The items Turkey has opted to export to Iran at preferential tariffs include textile and clothes, electrical equipment, healthcare products, steel products, auto parts, furniture, home appliances, plastic, aluminum, wood, rubber and glass products as well as spare parts.
Iran's exports as part of the PTA, on the other hand, included fruit, vegetable, spice, convenience food, juice, biscuit, chocolate, chewing gum, pickle, tomato paste, licorice roots, fish, flower, dairy products and egg.
The PTA stipulates no weight limit for Turkey's exports to Iran while there is a 51% weight limit on Iran's exported commodities.
ICCIMA believes the list of Iran's export items should be reconsidered and revised, taking into account Iran's export capacities and Turkey's performance.

40% Rise in Bilateral Trade

Last year, according to Ebrahimi, non-oil trade between Iran and Turkey stood at around $5 billion, indicating a 40% increase compared with 2015, with Iran registering a surplus in its current account.
Trade figures pertaining to two-way trade for the first four months of 2017 also indicate a surplus in favor of Iran as non-oil exchanges stood at $3.55 billion with Iran exporting $2.501 billion to Turkey and importing $1.054 billion in return.
Iran imported industrial equipment, chemicals, foodstuff, machinery, textile and apparel from Turkey and exported pistachio, nuts, vegetables and petrochemicals to the neighboring country over the period.
"This is as far as the official trade figures go. Unfortunately, there is a huge volume of contraband that heads to Iran from Turkey with which we have around 766 kilometers of common border. Estimates are that between $4 billion and $5 billion worth of contraband goods, mainly apparel and cosmetics, are smuggled into Iran from Turkey every year," he said.
Ebrahimi believes bilateral trade in 2017 will definitely exceed that of 2016 and the trend will continue to grow, provided that the Iranian private sector becomes more familiar with the Turkish market and takes advantage of proper marketing and elevates the quality of exported products.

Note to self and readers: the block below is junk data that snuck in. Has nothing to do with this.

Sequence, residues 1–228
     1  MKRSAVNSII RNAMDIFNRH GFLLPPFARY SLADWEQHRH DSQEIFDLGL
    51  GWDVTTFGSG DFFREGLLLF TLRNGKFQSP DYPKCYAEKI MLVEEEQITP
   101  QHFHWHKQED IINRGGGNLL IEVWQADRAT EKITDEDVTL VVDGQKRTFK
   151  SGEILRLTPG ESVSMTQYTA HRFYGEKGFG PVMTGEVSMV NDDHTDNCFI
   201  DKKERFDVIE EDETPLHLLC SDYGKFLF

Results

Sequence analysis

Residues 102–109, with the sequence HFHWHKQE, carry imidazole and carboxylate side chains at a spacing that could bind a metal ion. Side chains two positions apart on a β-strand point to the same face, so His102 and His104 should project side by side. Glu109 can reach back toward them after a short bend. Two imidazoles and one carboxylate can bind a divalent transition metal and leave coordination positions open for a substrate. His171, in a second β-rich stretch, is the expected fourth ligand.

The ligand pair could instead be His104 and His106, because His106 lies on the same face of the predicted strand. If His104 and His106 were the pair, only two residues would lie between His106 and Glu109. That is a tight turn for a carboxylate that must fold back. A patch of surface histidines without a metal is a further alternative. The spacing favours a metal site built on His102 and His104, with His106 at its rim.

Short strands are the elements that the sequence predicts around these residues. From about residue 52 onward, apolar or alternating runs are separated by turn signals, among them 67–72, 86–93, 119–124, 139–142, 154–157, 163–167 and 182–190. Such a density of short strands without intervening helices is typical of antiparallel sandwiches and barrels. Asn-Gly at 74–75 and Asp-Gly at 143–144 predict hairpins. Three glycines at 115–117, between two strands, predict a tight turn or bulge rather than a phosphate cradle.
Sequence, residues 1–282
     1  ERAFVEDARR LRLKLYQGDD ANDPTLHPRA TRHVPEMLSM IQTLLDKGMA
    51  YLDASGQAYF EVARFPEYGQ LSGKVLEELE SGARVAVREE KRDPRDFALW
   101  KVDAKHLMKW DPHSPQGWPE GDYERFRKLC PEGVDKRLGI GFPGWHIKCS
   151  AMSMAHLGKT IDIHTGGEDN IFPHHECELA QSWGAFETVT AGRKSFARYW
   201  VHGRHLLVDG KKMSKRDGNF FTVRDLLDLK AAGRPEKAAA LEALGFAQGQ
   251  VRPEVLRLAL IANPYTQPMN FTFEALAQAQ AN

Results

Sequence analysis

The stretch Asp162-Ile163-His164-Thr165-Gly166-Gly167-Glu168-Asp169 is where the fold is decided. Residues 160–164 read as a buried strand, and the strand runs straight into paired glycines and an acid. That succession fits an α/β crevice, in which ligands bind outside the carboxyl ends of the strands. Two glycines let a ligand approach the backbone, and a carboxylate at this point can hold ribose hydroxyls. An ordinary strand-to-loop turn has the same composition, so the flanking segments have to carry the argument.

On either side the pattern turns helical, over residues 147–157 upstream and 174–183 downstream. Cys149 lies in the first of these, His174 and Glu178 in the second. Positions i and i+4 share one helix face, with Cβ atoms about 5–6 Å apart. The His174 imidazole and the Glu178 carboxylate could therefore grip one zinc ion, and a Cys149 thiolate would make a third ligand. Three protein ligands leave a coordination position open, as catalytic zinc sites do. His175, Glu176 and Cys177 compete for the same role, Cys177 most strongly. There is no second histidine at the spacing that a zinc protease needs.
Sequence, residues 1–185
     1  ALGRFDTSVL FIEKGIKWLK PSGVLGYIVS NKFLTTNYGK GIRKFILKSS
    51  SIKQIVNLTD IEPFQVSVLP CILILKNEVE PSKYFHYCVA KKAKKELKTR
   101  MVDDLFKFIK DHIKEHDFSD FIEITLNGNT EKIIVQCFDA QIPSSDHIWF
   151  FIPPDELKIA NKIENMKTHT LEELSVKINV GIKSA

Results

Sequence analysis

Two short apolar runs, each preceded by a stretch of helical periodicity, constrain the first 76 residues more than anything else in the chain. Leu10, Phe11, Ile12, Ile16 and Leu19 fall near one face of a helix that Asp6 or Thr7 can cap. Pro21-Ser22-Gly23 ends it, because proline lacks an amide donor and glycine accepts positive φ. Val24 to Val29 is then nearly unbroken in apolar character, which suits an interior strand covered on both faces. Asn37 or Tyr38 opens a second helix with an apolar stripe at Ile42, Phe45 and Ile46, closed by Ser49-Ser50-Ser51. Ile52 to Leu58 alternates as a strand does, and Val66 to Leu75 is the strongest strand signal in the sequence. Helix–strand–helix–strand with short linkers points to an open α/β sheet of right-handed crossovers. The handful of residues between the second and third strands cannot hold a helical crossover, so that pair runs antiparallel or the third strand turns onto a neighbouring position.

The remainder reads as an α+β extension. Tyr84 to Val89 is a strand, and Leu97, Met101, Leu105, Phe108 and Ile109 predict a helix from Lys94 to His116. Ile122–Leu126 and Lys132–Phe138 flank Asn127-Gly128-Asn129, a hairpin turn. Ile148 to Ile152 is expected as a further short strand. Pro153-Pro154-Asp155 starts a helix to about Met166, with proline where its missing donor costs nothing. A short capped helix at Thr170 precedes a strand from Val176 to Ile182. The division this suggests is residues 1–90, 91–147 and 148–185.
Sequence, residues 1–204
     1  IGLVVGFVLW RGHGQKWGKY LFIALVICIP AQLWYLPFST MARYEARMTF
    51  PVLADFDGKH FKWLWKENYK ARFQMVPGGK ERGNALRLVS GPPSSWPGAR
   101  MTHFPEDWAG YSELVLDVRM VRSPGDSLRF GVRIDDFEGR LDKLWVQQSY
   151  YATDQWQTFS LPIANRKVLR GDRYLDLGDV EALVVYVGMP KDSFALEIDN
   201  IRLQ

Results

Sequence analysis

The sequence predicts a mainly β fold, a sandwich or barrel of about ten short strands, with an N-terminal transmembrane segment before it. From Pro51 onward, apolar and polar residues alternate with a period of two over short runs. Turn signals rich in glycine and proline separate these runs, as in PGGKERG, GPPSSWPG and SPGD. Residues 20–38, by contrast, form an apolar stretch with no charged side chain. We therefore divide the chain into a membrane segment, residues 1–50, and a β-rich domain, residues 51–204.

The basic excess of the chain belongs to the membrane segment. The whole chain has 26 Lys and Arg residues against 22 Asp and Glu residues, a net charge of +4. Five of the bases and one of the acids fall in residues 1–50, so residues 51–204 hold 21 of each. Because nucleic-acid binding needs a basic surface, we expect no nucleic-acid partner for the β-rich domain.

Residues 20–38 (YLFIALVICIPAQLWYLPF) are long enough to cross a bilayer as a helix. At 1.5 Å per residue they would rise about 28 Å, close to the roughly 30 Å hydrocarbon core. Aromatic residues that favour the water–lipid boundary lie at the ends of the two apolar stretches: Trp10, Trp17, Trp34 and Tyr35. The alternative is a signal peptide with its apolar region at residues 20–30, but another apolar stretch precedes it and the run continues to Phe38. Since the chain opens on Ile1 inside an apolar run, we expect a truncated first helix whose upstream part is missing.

"For instance, so far this year, Iran has exported more than 4 million tons of dates worth close to $2.63 million to Turkey with each kilo priced at $0.65. This is while dates exported from Iraq or Saudi Arabia to the same destination are priced at between $2.5 and $4," he said.
"This speaks of shortcomings on our part, including the fact that we are not directly involved in the Turkish market in regard with some goods, our packaging has deficiencies and we are negligent of the customers' needs and demands."
Many items in Iran, says the official, are fit for exports to Turkey. "This requires Iranian producers and exporters to engage in face-to-face and B2B meetings and negotiations with their Turkish counterparts."
However, as Iran is not a member of World Trade Organization, pursuing preferential agreements with other countries seems to be the only way to enhance commercial ties.
More than 20 years have passed since WTO received Iran’s application for accession on July 19, 1996. It took the organization nine years to accept Iran as an observer member. In 2005, WTO eventually established a working party composed of a group of representatives tasked with assessing Iran’s accession bid. However, the chairman of the party has not yet been elected.
At present, Iran remains the world's largest economy outside the world body.